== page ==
Classically divided, the question of "Why do people behave a certain way?" could be separated into two categories. For us, we could be tempted to excuse the capacity for evil as either an innate personal characteristic, or the result of traumatic personal experiences and environment. Nature versus nurture.
Some might be tempted to suggest that Dzhokhar and Tamerlan Tsarnaev must have some sort of inbred flaw that allows them to commit heinous acts of violence without any empathy towards others. They might suggest a mental illness and chalk it up to simply being psychopaths.
Others might be more sympathetic and guess about the upbringing and environment the brothers were exposed to. Maybe they had abusive parents. Maybe there is some history of childhood trauma. Maybe they were under the influence of narcotics. Maybe time spent in Russia made them somehow capable of evil. And of course people will point to Islam Extremist influences that glorify "martyrs" and violence to further their cause.
The banality of evil is displayed in the details of the bombing. Maybe Dzokhar didn't see the 8-year-old boy nearby when he laid down his back pack filled with high powered explosives, nails, and other shrapnel. Maybe he did. If he did, maybe he has a mental condition that leaves him unable to feel empathy. Maybe he has been conditioned by years of hate and trauma.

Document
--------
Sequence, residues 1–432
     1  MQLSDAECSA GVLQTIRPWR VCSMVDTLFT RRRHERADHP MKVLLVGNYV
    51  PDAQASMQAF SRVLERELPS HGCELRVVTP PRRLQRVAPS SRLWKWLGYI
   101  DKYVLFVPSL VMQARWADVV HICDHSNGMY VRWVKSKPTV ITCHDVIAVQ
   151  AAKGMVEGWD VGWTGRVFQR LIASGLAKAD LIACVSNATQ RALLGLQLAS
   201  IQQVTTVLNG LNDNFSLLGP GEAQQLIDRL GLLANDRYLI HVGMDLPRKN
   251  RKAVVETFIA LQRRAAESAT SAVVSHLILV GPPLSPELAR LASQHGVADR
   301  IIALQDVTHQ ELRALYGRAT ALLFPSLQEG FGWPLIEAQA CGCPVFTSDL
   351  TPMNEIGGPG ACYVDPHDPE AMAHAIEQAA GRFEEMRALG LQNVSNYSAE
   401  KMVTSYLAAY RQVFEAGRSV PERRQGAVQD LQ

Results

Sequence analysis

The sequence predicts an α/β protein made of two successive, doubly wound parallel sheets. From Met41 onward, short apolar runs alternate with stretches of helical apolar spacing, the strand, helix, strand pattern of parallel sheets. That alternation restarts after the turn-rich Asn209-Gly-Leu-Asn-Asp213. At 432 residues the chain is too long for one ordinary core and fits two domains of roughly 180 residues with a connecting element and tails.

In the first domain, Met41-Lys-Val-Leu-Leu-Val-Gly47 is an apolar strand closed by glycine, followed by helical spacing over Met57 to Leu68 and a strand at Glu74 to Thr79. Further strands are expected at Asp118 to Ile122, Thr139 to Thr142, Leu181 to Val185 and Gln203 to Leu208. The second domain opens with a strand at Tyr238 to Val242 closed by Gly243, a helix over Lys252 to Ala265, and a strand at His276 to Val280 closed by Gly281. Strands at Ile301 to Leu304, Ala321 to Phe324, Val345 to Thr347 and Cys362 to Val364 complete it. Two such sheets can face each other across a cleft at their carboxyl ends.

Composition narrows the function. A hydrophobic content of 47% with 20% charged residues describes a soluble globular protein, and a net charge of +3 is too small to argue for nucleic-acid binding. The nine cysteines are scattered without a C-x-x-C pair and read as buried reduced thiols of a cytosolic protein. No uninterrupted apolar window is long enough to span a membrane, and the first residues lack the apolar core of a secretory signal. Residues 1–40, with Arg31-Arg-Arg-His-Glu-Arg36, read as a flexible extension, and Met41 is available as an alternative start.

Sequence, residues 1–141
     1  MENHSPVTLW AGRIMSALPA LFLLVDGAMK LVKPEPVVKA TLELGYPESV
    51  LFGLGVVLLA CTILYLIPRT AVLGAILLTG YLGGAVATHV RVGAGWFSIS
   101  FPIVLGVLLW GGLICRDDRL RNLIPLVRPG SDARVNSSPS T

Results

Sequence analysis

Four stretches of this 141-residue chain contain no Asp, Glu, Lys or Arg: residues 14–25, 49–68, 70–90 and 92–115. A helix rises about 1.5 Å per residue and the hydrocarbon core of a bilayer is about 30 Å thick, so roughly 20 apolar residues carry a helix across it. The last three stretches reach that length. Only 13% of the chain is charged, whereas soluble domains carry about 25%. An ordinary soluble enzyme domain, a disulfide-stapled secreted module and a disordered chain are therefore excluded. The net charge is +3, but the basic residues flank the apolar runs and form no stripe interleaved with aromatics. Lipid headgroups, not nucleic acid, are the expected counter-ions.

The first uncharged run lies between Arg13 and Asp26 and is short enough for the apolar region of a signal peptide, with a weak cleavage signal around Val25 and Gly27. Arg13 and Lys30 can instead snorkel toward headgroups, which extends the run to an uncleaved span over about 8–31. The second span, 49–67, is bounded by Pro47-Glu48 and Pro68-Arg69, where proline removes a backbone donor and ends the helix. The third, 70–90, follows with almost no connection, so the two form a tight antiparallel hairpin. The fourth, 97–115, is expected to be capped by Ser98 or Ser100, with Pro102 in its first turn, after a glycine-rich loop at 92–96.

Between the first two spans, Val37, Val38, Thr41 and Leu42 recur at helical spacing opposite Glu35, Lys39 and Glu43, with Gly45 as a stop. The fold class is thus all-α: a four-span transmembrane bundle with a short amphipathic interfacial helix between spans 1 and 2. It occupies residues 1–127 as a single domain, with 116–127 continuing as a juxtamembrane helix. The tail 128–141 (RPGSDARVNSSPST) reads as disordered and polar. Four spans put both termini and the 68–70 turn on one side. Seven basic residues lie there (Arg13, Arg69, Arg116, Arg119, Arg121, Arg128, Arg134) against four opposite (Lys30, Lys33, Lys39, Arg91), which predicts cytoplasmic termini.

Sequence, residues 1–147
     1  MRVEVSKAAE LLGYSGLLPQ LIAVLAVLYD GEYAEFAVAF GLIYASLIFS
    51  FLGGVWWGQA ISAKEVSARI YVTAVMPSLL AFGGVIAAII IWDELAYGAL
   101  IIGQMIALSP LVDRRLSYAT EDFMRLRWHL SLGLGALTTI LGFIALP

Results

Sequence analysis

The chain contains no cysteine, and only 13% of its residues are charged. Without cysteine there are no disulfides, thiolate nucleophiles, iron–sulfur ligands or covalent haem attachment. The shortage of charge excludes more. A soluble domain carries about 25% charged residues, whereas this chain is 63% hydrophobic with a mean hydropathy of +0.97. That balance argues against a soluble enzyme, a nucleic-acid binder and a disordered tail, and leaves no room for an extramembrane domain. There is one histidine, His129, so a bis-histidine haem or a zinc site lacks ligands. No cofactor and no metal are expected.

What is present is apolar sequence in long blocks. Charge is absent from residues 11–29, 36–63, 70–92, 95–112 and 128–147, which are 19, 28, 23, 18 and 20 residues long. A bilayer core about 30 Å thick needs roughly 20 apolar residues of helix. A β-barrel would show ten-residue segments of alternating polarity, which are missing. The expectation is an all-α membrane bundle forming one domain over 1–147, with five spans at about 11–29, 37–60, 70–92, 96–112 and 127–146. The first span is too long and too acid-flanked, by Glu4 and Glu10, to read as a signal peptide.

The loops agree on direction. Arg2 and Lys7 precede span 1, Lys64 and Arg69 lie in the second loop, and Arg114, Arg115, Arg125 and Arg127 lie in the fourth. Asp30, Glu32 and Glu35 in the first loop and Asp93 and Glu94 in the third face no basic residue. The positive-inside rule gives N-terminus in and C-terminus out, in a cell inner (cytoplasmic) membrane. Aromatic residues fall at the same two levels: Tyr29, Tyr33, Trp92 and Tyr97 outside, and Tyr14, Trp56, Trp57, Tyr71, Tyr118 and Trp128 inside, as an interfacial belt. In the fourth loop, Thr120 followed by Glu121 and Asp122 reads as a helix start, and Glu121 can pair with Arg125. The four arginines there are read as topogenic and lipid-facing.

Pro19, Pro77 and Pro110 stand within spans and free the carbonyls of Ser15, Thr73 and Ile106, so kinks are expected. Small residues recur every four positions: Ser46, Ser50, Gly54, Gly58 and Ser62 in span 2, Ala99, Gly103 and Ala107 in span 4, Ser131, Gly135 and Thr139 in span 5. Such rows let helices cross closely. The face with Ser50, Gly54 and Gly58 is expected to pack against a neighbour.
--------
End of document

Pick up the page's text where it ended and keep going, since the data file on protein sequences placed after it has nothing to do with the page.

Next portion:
Or maybe he is just a normal guy who decided to commit an evil act for various reasons, none of which imprisoned his free will or forced him to do anything.
Notice exactly what I am and am not saying. I am not saying that psychology only excuses evil and sheds no profitable light on what makes an otherwise normal person commit evil acts. But I am also not saying that we should chalk evil acts such as these up entirely to outside forces, internal disorders, or religious provocation.
Do we ever stop and wonder if any murderer who has ever uttered the phrase really spoke the truth when he said "I don't know why I did it." That a man could have no psychological or personal motivations for committing an evil act other than the desire to commit it?
Psychology might be able to provide some insight into the circumstantial ingredients for a mass murderer, but even psychologists will tell you that psychology is not meant to explain away culpability.
And we certainly, as Catholics, shouldn't be surprised by man's capacity for evil. Nor should we try to distance ourselves from "them" who are capable of evil.
"Sin is present in human history; any attempt to ignore it or to give this dark reality other names would be futile." (CCC 386)
In 1907 the Times of London asked a handful of acclaimed philosophers and writers to share their thoughts on the question: "What's Wrong with the World?". A poignant response came in the form of a characteristically terse letter:
Regarding your article ‘What’s Wrong with the World?’ I am.
Yours truly, G.K. Chesterton
We should not be surprised that man has a capacity for extremely evil acts. And we should never forget this. When you hear people confused and wondering how anyone could blow up strangers and shoot a cop in cold blood, don't be tempted to excuse the capacity for evil away.